Carving out a niche
Red Mountain Green Cycle is Chico’s first electric-bicycle shop
In a nondescript strip mall on East 20th Street sits a tiny, well-lit bicycle shop, Red Mountain Green Cycle, that opened its doors a few weeks before Christmas. It’s the first of its kind in Chico; it sells only electric bikes—bicycles with built-in plug-in motors.
“These are all bicycles, just like any other bicycle. You can pedal them and ride them, and there are different styles—road bikes, mountain-bike styles,” explained Tim Jeffers, general manager for the store. “What makes them different is that they all have a hub motor and lithium-ion batteries connected to them as well. This allows you to use power at any time, in any amount that you want to—so you can pedal as much or as little as you want to on these bikes.”
Jeffers’ first customer was his neighbor just a few blocks down East 20th Street—Sierra Nevada Brewing Co. Months before the shop opened, Jeffers sent a letter to the brewery’s bike-enthusiast CEO, Ken Grossman, offering to set the company up with a few e-bikes to try out. The letter eventually made its way to Mandi Mckay, the brewery’s assistant sustainability coordinator.
Sierra Nevada had for several years offered standard, non-electric bicycles to employees through its loaner-bike program, wherein brewery employees could check out a bicycle for personal or company use, any day of the week. It was part of the brewery’s “Green Machine” program, which aimed to get employees “riding their bike more, and not using their cars as much,” explained Mckay recently. But the loaner bikes, admittedly “low-end” and “not maintained very well,” bit the dust—and the program stalled out.
“When we heard about the electric bikes, we thought it might be a good way to revive the loaner program,” Mckay said. Jeffers lent the brewery two e-bikes to try out for a month, during Bike Month in May of last year. “People responded to them pretty well,” she said, and so Sierra Nevada decided to purchase two, which made their way to the brewery, parked alongside employee bikes, in October. Possibly due in part to the large gap from when the first set of loaner bikes was abandoned and when the e-bikes were purchased, the e-bikes have mostly been sitting around, admitted Mckay.
“Unfortunately with the timing, now it’s the really cold season,” she said. “Since we purchased [the e-bikes] … not too many people have actually checked them out. … It’ll take a couple of years to re-establish the program.”
In the meantime, those who have checked out the e-bikes have given them some good, solid tests. One employee borrowed an e-bike and rode it to his home in Paradise. “It made it, actually, all the way up the hill in one charge,” said Mckay.
Recently, Chris Baugh, Sierra Nevada’s senior research analyst, checked out one of the e-bikes to run errands. Baugh has been carless for three years, biking about three and a half miles to work daily on his road bike.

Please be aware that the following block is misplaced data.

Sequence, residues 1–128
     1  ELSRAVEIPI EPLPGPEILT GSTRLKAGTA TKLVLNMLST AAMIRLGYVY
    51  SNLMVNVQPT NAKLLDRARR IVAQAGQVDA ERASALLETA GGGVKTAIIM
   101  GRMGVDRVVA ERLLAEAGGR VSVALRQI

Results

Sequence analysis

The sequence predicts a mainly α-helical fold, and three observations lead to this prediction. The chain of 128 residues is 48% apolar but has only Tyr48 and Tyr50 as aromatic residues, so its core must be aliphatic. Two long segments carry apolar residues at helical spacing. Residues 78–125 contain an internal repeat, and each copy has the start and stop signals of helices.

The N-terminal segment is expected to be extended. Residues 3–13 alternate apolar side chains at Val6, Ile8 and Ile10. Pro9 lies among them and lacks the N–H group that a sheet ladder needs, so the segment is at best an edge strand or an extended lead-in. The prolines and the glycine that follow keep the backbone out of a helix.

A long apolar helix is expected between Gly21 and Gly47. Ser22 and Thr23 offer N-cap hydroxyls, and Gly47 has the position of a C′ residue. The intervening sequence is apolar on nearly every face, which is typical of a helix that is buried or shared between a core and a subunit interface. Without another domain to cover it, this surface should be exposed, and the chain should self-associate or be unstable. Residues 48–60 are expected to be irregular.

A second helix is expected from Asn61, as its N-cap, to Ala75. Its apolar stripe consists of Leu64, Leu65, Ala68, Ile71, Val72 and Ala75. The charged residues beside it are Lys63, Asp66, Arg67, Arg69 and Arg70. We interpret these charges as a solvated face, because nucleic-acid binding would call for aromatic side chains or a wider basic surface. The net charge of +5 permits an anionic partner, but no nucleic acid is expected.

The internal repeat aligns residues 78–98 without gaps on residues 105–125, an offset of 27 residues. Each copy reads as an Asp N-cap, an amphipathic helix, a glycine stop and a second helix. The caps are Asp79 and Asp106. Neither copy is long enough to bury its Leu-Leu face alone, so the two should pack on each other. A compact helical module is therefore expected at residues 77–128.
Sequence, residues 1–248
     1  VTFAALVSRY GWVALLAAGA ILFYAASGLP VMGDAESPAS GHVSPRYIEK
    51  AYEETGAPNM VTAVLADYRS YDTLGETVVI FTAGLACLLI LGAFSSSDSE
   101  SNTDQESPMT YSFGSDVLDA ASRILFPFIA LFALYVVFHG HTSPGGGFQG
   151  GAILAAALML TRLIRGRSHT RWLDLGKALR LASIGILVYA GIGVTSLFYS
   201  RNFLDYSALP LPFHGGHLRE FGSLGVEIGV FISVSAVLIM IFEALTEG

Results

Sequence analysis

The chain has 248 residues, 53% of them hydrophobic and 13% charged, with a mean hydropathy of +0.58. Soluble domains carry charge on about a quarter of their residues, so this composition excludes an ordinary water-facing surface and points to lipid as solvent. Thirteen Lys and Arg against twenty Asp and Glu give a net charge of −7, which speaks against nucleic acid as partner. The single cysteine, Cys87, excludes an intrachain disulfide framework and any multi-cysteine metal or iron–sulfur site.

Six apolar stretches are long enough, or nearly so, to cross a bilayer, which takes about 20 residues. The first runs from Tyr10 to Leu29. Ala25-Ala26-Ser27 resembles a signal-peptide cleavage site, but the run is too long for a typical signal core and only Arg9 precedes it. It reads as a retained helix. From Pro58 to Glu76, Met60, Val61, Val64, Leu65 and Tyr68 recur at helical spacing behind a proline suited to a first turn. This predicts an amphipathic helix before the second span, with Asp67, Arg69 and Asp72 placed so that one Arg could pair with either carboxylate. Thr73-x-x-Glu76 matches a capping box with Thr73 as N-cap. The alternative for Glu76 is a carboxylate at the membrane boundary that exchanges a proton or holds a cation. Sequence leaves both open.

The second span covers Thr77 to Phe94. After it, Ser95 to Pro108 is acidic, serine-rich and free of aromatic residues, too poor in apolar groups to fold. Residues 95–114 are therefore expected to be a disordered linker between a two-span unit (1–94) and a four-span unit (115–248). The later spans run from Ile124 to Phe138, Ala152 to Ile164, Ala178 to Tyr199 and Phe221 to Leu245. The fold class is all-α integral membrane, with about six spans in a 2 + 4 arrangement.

“I figured it would be much easier if I had more storage and an electric [engine], instead of stuffing as much as I could in my backpack and going on my road bike,” he explained. The e-bike has extra storage capacity, with a front basket and two deep rear panniers, allowing him to pack up more goods.
While Baugh said he enjoyed using the e-bike, he admitted he wouldn’t buy one. “It’s electric, and it carries a lot of stuff, and that’s what I need.” He noted that the “fit and finish are a little ‘sketch,’” with “weak” handlebars and insufficient brakes for the power of the bike (some e-bikes can go up to 20 miles per hour).
Mckay and Baugh agree that cyclists often aren’t sold on the concept of the e-bike. Their oft-repeated complaint is that a person who would normally bike might switch over to an e-bike and lose the opportunity to exercise.
“People look at cycling not only as an alternative form of transport but [also] for exercise, and if you’re using the electric motor, you’re not getting that exercise,” Mckay said. “Some people have expressed, ‘Well, why am I going to ride that, if I can just pedal [a non-electric bike] … and get exercise at the same time?’”
Mckay’s comments hit on the inability thus far of the e-bike industry to carve out a solid niche for itself: Is the e-bike a replacement for a car, or is it a replacement for a bike?
Jeffers, born and raised in Chico, regularly rides his e-bike around town, as do his parents, Dan and Jane Jeffers, the owners of Red Mountain Green Cycle. The Chico store is the second location for the family business; the first is in Boulder City, Nev., “an exceptional place to ride a bike,” said Jeffers, and the hometown of other family members. Dan and Jane travel regularly between their hometown of Chico and their second residence in Boulder City. Both locations feature the same models of e-bikes, priced from around $800 to more than $2,000.
Tim encourages customers to try out any or all of the models he offers, saying, “No one is expected to come in here and understand what electric bikes are and what they can do without actually getting to try them.”